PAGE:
A View From All Sides Of The Desk, Again

Coffee Service Corner

For a number of years, I had the honor of writing a Coffee Service column for my good friend and mentor, the late Ben Ginsberg, founder, editor, and publisher of Vending and OCS Magazine. Besides being an industry icon and so much more, Ben was one of the most efficient communicators that I have had the pleasure of knowing.

As Ben and I were pondering subject matter material for an upcoming industry show issue a number of years ago, we lamented on the laborious process of obtaining feedback from our operator and supplier base. I commented that during my years as both a distributor and operator supply chain decision-maker, response from calls I made or emails I sent was much more prompt than the response I was then receiving as an industry consultant.

I proceeded to compose an article “A View from All Sides of the Desk”, in which I chronicled the disparity in response time and consistent communication that I experienced as I migrated between buying and selling roles. Today, as I have since experienced several more buy-outs and consequential career “adjustments”, I re-visit the value of prompt, clear, and consistent communication.

I look back on three tremendous individuals who were mentors of mine and that shared the common trait of being great communicators. I am convinced that this attribute was a primary building block that helped evolve these men into great leaders. From Ben Ginsberg, Servatron’s Dick Allen, and Heritage Coffee’s Stuart Daw, I offer a distillation of what I observed to be four basic principles of great communicating that each had in common.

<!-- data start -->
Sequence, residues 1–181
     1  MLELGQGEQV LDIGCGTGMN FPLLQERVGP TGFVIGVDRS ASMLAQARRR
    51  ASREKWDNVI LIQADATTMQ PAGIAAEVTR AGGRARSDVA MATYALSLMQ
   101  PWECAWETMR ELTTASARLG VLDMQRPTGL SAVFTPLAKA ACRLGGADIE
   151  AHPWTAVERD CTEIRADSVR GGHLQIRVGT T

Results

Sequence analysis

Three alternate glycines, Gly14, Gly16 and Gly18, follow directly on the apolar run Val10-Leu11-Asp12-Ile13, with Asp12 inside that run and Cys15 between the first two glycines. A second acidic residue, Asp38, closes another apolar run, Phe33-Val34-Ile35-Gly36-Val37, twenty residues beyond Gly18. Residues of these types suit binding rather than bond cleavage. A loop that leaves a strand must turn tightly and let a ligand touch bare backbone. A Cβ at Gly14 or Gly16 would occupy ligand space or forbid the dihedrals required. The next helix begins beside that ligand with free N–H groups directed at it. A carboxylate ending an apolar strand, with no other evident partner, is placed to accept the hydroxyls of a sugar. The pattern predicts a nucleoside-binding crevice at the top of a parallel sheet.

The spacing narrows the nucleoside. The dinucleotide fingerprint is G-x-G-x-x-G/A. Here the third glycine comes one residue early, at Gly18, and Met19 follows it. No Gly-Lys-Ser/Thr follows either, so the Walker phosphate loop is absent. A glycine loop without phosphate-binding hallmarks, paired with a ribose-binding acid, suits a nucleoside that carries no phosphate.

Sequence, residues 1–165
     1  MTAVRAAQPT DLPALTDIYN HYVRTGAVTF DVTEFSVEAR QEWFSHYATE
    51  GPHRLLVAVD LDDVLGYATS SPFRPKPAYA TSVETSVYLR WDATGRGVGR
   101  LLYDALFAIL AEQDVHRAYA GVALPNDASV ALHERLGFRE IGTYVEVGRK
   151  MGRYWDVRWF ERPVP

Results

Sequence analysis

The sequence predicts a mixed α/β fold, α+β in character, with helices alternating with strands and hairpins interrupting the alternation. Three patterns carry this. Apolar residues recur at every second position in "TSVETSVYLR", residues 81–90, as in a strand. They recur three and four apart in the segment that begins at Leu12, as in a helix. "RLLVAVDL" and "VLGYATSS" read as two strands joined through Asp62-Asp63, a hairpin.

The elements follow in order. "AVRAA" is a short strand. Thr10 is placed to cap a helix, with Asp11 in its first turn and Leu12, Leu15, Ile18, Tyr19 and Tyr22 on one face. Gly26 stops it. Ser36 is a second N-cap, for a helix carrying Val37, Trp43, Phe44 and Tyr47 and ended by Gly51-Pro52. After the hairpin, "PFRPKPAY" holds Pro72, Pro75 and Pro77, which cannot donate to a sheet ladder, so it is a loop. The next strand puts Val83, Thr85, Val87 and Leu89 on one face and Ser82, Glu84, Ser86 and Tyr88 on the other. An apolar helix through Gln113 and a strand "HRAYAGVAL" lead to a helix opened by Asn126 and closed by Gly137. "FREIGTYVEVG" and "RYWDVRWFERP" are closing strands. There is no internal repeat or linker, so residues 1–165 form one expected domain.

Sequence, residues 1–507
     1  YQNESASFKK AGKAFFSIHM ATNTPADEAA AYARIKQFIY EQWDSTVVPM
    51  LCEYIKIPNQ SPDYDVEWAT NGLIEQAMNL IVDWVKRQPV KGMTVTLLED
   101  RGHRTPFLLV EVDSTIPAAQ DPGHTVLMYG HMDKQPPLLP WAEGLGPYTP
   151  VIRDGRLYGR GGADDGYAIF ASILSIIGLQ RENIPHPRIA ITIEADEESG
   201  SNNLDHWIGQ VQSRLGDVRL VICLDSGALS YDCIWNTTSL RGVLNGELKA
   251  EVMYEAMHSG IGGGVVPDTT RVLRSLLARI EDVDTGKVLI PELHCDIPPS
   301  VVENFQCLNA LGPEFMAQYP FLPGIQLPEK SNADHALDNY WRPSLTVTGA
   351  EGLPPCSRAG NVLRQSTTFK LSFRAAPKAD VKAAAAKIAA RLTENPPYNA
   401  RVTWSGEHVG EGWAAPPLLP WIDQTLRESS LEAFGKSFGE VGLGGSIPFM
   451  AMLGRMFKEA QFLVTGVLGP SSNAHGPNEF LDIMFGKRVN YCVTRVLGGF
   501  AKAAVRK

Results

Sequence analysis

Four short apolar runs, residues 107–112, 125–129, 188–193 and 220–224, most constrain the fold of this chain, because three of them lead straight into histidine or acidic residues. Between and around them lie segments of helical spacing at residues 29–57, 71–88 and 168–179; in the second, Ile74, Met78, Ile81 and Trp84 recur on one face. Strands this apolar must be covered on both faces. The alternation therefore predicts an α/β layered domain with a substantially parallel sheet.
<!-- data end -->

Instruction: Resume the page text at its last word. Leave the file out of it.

Recognizing that time is valuable

Each of these professionals could communicate volumes with an economy of words. They were all great story tellers and immensely entertaining, but when it got down to business, each would and could deliver a cogent, complete message related to what their need was or what they believed your need was. They could easily migrate from a selling to buying role. Stuart Daw was my first customer call when I was a distributor. He was a vending, coffee service, and honor box operator in Florida. On this initial call, Stuart fully explained what it would take for me to deliver in order for him to consider giving me a share of his business. He suggested that I return in a few weeks with solutions. The first call concluded in less than 20 minutes. The follow-up call lasted an hour and resulted with a “trial” order. He remained a loyal customer for as long as we had the company, growing volume each successive year.

An even more significant element of the value of time was that each of these three individuals were always generous in the giving of their time. Each would always find time to nurture an industry novice or engage the veteran.

Being Respectful

We learn this trait in the sandbox. No need to be mean-spirited in any situation. We will all encounter the occasional boorish rogue. Take the high road, be brief, and move on.